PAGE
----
In the Hollywood blockbuster X-Men franchise, Patrick Stewart plays Professor Charles Xavier, who can read minds to help defeat the bad guys. Now one car maker claims to have developed real mind-reading technology that could help drivers to avoid accidents.
Nissan says it has developed brain-reading technology that not only works but could be fitted to cars within the next five to 10 years. It revealed the innovation at this week’s Consumer Electronics Show, in Las Vegas.
It means people may one day be able to ‘drive’ their car using little more than their thoughts. Pull on your thinking cap and find out all about ‘brain-to-vehicle’ technology.
What does Nissan know that we don’t?
Boffins at the Japanese car maker have been exploring electroencephalography, or EEG. This is the ability to read neurons firing in the brain, and certain neurons can be associated with specific activities.
Capturing these electrical patterns in a person’s brain requires the use of a headset fitted with electrodes that sit on a person’s scalp. To date, researchers have used such headsets to manipulate computer games, control prosthetic limbs or operate wheelchairs. Nissan says it is now able to use EEG to help control a car – using what it calls ‘brain-to-vehicle’ technology.
How it helps to have a mind-reading car
A driver’s reaction time to an unfolding emergency can be several seconds. By reading their mind, Nissan suggests that a car with self-driving capability could react faster to an emergency than a driver could physically manage, reducing the delay by as much as half a second.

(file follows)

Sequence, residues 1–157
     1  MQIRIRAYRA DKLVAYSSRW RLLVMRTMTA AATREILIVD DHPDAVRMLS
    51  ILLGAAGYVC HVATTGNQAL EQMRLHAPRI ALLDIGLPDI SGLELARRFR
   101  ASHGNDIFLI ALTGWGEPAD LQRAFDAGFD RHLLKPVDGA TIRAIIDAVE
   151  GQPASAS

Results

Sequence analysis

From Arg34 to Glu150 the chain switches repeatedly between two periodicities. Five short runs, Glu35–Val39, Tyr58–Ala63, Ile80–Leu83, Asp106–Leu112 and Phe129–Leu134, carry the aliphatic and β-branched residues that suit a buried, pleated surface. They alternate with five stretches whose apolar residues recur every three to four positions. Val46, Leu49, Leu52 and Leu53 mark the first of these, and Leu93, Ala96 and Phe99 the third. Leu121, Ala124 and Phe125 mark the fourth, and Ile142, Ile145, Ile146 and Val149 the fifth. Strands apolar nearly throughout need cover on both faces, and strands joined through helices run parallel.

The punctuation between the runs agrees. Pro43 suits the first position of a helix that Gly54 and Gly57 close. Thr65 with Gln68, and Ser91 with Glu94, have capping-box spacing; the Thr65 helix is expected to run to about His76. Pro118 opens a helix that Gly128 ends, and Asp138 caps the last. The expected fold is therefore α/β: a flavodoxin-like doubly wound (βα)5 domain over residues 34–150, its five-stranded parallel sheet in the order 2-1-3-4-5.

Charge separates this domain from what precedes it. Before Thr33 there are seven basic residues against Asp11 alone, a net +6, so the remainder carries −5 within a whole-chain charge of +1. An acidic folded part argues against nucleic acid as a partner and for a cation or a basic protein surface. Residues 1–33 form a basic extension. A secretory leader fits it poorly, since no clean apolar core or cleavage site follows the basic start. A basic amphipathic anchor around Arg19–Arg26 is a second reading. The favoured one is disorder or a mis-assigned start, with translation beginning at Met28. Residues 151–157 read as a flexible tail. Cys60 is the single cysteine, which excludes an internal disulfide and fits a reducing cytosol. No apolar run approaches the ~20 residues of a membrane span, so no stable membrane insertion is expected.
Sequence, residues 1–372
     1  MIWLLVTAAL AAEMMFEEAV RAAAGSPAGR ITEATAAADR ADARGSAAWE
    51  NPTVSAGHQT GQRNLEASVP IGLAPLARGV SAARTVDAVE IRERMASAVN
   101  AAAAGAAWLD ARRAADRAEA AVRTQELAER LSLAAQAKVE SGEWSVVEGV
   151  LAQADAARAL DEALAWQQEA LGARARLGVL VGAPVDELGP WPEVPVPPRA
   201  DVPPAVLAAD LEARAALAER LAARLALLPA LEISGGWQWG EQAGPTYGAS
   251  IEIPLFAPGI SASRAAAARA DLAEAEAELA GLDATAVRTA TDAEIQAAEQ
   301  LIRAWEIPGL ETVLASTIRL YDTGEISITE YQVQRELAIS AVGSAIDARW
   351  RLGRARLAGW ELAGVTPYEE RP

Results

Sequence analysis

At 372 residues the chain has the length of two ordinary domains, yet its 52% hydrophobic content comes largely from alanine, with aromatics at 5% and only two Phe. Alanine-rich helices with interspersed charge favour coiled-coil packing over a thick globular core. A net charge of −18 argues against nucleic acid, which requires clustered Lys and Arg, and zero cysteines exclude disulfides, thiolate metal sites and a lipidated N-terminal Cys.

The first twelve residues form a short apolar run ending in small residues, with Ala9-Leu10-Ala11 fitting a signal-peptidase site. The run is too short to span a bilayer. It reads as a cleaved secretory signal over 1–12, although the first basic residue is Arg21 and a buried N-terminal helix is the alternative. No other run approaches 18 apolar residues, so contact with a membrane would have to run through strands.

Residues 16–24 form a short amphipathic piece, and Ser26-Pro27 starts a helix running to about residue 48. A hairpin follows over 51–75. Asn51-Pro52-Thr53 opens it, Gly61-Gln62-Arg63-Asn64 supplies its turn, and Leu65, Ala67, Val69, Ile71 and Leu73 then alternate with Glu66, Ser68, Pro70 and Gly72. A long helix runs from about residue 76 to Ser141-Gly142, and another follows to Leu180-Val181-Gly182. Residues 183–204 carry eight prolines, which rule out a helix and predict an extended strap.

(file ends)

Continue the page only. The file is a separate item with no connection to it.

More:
Imagine a car was to pull out of a driveway without spotting oncoming traffic. The approaching Nissan would have read the driver’s neurons and applied emergency braking or steered around the obstacle before the driver had moved their foot to apply the brakes, or turned the steering wheel to swerve.
This year, road safety charity Brake carried out a study into drivers’ reaction times. Working with experts at the Transport Research Laboratory (TRL), it discovered that average reaction times are far greater than those given by the Highway Code.
At 30mph, Brake and TRL claimed that reaction times mean it takes 11 metres further to stop a car than the Highway Code states. And at 70mph, that grows to 25 metres.
How it works
The driver wears a fetching looking, electrode-studded skullcap. This captures their brain activity and interprets it using artificial intelligence. Simple, right?
When might brain-to-vehicle technology be fitted to cars?
Don’t call your local Nissan dealer just yet. The company says the technology is in its infancy. As a result, it believes it won’t be ready for the next five to 10 years. It began working on the project in 2011, with the help of scientists at the École Polytechnique Fédérale de Lausanne (EPFL), in Switzerland.
What about self-driving cars?
One possible reason Nissan is researching brain-to-vehicle technology is that studies have highlighted a serious problem with self-driving cars. When a driver needs to take back control of an autonomous vehicle, the process can take up to 55 seconds.
Research, conducted by academics at the University of the West of England, said that autonomous vehicles driving at 50mph could travel around three quarters of a mile in the time it took for drivers to regain full control.